Wisconsin Supreme Court: Milwaukee can no longer enforce residency requirement

MADISON — The Wisconsin Supreme Court says Milwaukee can no longer enforce its residency requirement.

The court ruled 5-2 on Thursday, June 23rd that Milwaukee's long-standing requirement that its public workers live in the city is subject to a state law barring such restrictions.

The ruling Thursday reverses a state appeals court decision that said Milwaukee's residency requirement could not be superseded by a state law passed in 2013.

That law prohibits local governments from enforcing any residency requirements beyond requiring police and firefighters to live within 15 miles of the government unit.

Milwaukee has required its more than 7,000 employees to live within the city boundaries for more than 75 years. The lawsuit challenging Milwaukee's refusal to abide by the law was brought by unions representing police and firefighters in the city.

David Seager

"Pleased. Excited. Relief," David Seager with the Milwaukee Professional Firefighters Association said after the ruling.

Seager says the relief comes for employees who would frequently ask him if they should feel comfortable moving out of the city while the case worked its way through the court system.

"There’s always that sense of ‘Should I stay? Should I go? Should I take the chance?’' But ultimately, we prevailed," Seager said.

Milwaukee Mayor Tom Barrett is blasting the ruling, calling it a "sad day" for his city and the state. Barrett said the ruling is an attack on local government, and one that jeopardizes public safety.

"We`ve had off-duty officers who`ve responded to problems because they live in this city. It`s worked for 75 years," Barrett said.

Milwaukee Mayor Tom Barrett

Barrett says the ruling is the result of "one party rule" in Wisconsin and "political gamesmanship."

"This is not the Wisconsin that we have lived in before and the people of this state have to recognize the dangers when you have one party that controls every level of power. What happened is the special interests came in. The special interests that supported many legislators, that supported the governor, supported many Supreme Court justices, and they wanted their way and the state Supreme Court said 'fine, you can have your way,'" Barrett said.

Barrett said the ruling could also worsen the mistrust some residents feel toward the police department.

"I want this to be a community where the residents can work with and respect the police and the police and work with and respect the members of the community," Barrett said, "That’s what I need to have as mayor. But I can’t have an occupying force in this city."

Republican lawmakers struck down the residency law in 2013, but Milwaukee appealed the law and won at the appellate level -- but the Wisconsin Supreme Court disagrees with the city's argument that it's not necessarily a statewide issue since the law would impact Milwaukee more than other places.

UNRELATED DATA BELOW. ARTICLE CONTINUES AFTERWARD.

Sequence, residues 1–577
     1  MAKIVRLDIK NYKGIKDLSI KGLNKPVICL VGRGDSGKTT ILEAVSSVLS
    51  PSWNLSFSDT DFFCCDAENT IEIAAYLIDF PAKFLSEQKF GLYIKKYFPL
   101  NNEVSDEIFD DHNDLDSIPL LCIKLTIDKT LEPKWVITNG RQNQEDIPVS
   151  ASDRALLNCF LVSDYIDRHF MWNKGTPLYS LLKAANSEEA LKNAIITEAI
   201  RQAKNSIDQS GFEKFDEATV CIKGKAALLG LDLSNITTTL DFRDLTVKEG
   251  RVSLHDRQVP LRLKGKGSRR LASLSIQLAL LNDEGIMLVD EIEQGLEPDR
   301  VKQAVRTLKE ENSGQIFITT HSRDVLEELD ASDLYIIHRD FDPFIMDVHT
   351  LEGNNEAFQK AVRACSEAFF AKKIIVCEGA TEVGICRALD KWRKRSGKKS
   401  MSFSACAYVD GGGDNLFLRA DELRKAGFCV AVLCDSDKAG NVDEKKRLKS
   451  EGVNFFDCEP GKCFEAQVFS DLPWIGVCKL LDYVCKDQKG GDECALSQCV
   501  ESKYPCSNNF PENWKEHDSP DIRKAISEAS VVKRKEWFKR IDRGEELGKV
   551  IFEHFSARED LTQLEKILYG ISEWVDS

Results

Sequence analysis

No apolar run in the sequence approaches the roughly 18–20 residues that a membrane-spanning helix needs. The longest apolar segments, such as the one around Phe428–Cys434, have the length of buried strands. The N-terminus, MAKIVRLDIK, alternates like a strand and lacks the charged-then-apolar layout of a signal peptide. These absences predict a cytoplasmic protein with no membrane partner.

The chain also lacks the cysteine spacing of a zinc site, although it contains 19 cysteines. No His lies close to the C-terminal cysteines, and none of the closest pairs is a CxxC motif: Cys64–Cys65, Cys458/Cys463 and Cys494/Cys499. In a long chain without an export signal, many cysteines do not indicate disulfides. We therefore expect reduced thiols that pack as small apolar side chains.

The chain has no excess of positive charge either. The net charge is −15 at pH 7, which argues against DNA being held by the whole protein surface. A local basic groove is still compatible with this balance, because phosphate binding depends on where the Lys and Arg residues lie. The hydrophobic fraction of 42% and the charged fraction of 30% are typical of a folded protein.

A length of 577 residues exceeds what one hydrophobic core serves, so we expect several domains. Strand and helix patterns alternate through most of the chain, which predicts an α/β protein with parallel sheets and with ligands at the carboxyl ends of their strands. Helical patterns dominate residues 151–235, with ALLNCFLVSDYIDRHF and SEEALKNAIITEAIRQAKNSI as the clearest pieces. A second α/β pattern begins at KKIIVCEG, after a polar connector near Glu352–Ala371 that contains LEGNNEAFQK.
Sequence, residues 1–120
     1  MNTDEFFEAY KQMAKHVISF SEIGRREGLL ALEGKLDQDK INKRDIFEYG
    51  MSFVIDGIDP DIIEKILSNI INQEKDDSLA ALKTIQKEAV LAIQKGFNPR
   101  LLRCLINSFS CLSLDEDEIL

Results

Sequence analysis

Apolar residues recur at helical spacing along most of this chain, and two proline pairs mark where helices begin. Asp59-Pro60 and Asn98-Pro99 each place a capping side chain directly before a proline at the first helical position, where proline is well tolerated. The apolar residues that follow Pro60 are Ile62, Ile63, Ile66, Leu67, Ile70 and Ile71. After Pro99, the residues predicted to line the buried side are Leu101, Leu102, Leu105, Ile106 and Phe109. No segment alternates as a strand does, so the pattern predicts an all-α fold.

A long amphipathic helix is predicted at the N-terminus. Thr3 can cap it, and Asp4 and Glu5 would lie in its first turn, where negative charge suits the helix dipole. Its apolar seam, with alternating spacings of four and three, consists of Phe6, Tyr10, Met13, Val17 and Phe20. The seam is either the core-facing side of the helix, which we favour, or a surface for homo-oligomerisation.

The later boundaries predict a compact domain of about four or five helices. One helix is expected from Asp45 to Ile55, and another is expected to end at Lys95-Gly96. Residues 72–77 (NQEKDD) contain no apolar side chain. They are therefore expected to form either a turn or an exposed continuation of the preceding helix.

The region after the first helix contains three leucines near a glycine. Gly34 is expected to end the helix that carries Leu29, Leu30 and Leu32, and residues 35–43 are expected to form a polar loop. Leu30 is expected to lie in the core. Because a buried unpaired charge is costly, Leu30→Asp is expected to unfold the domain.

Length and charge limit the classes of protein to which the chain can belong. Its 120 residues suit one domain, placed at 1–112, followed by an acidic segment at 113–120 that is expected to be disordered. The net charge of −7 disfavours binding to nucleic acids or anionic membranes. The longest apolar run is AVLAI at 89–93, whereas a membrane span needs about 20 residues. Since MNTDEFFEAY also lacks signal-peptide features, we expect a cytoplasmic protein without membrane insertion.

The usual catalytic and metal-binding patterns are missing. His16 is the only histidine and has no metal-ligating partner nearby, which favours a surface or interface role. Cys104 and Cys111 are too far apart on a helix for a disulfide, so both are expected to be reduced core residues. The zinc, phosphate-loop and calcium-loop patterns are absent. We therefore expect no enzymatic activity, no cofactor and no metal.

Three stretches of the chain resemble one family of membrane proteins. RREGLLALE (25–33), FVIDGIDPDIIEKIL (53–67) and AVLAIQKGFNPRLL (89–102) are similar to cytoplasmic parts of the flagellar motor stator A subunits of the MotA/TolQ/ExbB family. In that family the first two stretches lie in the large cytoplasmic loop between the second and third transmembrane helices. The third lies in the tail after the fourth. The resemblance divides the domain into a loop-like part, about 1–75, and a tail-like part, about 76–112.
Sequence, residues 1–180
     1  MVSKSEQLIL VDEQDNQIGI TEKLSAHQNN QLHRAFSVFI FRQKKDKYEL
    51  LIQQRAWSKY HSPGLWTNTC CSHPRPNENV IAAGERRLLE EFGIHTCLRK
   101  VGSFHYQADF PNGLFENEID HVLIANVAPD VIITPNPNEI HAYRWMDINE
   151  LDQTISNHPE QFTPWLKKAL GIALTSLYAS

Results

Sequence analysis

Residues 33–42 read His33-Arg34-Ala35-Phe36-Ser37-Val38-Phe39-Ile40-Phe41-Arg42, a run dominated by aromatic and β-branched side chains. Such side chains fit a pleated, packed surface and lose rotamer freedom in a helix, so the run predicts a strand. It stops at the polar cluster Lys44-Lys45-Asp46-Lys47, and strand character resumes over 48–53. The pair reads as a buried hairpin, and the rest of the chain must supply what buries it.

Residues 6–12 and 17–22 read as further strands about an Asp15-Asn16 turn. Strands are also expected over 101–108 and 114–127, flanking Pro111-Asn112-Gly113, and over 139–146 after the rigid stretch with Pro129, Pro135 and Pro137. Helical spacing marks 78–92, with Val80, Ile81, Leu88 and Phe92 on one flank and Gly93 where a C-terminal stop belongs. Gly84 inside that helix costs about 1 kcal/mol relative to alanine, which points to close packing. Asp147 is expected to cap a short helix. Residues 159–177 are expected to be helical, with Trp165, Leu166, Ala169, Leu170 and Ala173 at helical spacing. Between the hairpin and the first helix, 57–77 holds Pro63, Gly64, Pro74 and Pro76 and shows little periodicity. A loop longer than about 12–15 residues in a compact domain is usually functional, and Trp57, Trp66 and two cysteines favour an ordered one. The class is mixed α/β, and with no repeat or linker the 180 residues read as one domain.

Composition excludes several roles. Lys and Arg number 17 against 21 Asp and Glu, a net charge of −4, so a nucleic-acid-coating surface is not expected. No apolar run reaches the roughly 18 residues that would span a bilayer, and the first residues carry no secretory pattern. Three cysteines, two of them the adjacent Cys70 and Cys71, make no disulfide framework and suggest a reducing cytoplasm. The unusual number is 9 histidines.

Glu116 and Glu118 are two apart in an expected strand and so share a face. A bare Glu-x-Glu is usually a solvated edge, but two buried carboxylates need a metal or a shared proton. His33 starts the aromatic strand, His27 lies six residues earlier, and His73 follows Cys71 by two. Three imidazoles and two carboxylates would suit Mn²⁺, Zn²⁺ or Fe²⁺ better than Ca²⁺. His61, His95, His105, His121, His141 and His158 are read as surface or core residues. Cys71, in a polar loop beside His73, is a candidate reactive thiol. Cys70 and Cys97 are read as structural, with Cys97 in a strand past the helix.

"There`s always a concern of outflow of talented and middle-class, upper middle-class individuals but the question that should be asked is why are they all leaving? What`s going wrong in the city that people who work for it don`t want to live there?" Tom Kamenick with the conservative-leaning Wisconsin Institute for Law and Liberty said.

Seager said the decision shouldn't make residents feel any less safe.

"Whether I maintain my residence in Milwaukee, or I choose to move outside the city of Milwaukee, does not, in the least bit, diminish the professionalism, the level of service, or the dedication to the community in which we serve," Seager said.

Governor Scott Walker

Gov. Scott Walker's spokesman is praising the ruling. Walker spokesman Tom Evenson called Thursday's decision "a big win for individual freedom." He also said it's a win for Milwaukee "as they have a larger base to attract employees."

The city is allowed to require that workers live within 15 miles of Milwaukee. However, the only way the residency rule will come back is if the Wisconsin Legislature changes the law.

The Milwaukee Police Association issued this statement:

"Today’s Supreme Court decision was both right and just.  It made clear that Wisconsin municipal employees share the same right enjoyed by all other Wisconsin citizens to reside where they desire."

The Milwaukee Professional Firefighter's Association released this statement:

"This morning, in a 5-2 majority decision, the Supreme Court of the state of Wisconsin has upheld the original law signed into effect July 1st, 2013.

It has been an arduous journey, however, it gives credence to the judicial system when a matter of importance and magnitude reaches the Supreme Court, the elected Justices exercise their integrity and apply the Constitution of the State of Wisconsin in coming to this conclusion.

This is a victory for ALL municipal employees throughout the state of Wisconsin. Having the opportunity to make a choice in where said employee takes residence certainly does not diminish the professionalism, service or dedication to the community.

Furthermore, it cannot go unsaid that working in concert alongside our brother and sisters in blue, the Milwaukee Police Association, helped achieve this monumental task. The Milwaukee Police Association and Milwaukee Professional Firefighters Association have and will continue to build upon the strong relationship that has been built over the last several years.

Lastly, and of equal importance, a deep appreciation to Governor Walker, Senate Majority Leader Scott Fitzgerald, Speaker Vos, members of the Joint Finance Committee and all elected officials within the state legislature that assisted in attaining this goal."